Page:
CollectionsAbbot Hall (266), Fishing (107), Hollett (1,681), Lakes & Pirates (12), Mentioned (29), Pollak (15), Reviews (14), Your library (1), All collections (2,020)
Tagssailing (450), fishing (357), post-war biographies etc. (270), substantial books (191), Russia (167), fiction (160), Rupert Hart-Davis (112), Everyman's Library (104), poetry & essays (102), presentation copies (102) — see all tags
Cloudstag cloud, author cloud, tag mirror
About meArthur Michell Ransome (18 January 1884–3 June 1967). "I seem to have lived not one life but snatches from a dozen different lives". Bohemian, literary critic, sailor, fisherman, chess-player, and author of fairy-tales and folk-tales. Foreign correspondent and witness to the Soviet revolution, suspected by some in the UK and US governments of being a Bolshevik. A go-between between the Soviet government and the newly-independent Estonian government during the Russian civil war, and eventually husband of Trotsky's secretary. His politics: "Fishing". Scotland Yard and MI5 eventually decided that, for their purposes, he was "one who reports what he sees, but as one who does not always see straight" (MI5 file, 1927). But then, they never got his name right, so what did they know? Only later did he start on the careers for which he is mainly known now, as a writer about fishing and sailing, and the author of one of the best-loved children's series in the English language.
Further reading: Autobiography ; Bibliography ; Biography ; Correspondence.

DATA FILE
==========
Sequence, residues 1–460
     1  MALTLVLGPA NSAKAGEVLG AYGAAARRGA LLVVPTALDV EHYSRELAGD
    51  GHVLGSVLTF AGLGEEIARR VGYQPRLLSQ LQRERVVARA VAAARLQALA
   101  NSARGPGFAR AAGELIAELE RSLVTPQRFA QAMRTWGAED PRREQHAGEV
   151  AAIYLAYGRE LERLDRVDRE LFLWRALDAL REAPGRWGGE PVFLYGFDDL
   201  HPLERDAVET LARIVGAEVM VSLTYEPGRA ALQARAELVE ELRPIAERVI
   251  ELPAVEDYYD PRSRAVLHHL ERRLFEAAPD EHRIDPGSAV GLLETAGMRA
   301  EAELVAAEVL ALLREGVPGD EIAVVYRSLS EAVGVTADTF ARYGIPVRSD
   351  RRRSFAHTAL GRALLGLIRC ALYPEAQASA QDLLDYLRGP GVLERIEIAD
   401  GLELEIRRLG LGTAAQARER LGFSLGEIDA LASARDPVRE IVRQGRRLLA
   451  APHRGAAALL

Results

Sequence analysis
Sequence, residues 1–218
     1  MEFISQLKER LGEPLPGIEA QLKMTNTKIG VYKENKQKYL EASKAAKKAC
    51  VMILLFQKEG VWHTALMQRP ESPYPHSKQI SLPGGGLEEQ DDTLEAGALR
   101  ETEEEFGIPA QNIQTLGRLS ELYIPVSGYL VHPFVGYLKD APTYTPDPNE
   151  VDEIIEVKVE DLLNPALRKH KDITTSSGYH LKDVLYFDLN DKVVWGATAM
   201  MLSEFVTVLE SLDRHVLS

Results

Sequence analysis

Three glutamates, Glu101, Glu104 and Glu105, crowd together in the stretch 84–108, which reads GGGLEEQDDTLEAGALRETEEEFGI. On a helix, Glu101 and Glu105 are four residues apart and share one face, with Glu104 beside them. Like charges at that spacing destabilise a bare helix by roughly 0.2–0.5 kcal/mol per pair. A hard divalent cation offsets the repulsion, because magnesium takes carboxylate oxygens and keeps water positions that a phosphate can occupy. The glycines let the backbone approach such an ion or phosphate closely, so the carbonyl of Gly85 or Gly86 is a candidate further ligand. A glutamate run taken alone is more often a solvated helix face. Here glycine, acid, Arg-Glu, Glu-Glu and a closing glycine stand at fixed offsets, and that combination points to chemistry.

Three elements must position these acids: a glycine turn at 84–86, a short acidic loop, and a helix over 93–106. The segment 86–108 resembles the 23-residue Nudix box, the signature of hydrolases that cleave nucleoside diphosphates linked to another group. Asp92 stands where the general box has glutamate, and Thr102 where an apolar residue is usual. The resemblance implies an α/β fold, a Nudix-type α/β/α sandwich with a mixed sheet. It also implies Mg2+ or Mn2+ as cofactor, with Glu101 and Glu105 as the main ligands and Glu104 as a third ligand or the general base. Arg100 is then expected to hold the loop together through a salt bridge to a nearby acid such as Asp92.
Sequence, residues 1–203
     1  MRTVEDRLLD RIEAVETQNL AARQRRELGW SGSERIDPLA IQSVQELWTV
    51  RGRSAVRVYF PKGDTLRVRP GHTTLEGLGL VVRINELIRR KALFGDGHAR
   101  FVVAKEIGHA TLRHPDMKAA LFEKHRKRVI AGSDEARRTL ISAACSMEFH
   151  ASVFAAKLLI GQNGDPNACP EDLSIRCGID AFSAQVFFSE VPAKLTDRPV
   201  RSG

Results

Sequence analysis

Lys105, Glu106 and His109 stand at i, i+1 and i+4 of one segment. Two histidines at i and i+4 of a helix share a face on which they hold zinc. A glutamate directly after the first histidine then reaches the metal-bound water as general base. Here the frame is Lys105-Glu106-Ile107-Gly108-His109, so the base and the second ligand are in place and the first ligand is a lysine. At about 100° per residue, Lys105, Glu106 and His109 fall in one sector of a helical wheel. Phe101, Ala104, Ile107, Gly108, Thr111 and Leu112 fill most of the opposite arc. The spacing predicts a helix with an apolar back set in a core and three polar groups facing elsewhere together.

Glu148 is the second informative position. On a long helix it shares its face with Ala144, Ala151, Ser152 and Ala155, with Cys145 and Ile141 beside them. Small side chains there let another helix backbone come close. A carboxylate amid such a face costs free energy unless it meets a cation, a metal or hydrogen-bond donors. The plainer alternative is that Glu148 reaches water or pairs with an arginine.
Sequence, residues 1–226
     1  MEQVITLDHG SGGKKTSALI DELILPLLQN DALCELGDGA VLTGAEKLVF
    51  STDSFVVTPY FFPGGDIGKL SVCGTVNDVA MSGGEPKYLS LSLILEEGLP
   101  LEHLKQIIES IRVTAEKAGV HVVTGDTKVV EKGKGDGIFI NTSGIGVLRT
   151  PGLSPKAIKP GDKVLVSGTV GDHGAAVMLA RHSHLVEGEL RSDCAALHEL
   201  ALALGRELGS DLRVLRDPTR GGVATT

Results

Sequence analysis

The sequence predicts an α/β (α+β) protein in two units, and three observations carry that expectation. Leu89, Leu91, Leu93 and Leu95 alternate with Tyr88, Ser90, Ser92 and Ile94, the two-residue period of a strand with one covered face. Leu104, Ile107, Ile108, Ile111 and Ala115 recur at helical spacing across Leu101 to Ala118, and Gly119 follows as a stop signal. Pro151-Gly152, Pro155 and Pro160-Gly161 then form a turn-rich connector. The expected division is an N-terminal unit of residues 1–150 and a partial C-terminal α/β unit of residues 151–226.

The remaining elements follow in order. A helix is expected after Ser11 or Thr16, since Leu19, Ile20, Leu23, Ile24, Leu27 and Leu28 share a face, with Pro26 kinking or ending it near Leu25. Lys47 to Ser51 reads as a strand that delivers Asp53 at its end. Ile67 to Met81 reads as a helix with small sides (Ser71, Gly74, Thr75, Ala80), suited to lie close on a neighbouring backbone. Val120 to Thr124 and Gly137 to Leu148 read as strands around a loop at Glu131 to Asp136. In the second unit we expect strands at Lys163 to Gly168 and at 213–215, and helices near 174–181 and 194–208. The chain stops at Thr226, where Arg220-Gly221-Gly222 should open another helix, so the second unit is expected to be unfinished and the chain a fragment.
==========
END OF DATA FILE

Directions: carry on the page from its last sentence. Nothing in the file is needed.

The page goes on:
About my libraryArthur Ransome (AR) lost his first library, built up during his London years, as a result of his divorce from his first wife. A number of titles are mentioned in his works, but for the most part this library is a closed book.
Following his death in 1967, most of his second library was sold to Ronald Hollett, the bookseller. Hollett's fifty-six page typescript catalogue is the starting point for this Legacy Library. In October 1968 the Pollak Library at the University of Southern California at Fullerton bought the collection, as it fitted well with their pre-existing angling, Russian revolution and children's literature collections. Hollett's account of the affair can be read on the company's website. The Pollak Library used some of the books to establish an Arthur Ransome Collection (currently c.192 items), used others to fill gaps in their (other special collections / general?) holdings, and sold the rest.
Evgenia, Ransome’s widow (d. 1975), kept back a number of books, said to have been those of which AR was especially fond. These books were donated to the Abbot Hall Museum of Lakeland Life in Kendal, Cumbria. The museum has a list of these books, which is in the process of being added to this Legacy Library. These include a number of nineteenth century books on fishing, fairy tales and Icelandic sagas, that must have come from his parents' libraries, Cyril Ransome (1851-1897) and Edith Ransome (1852-1944).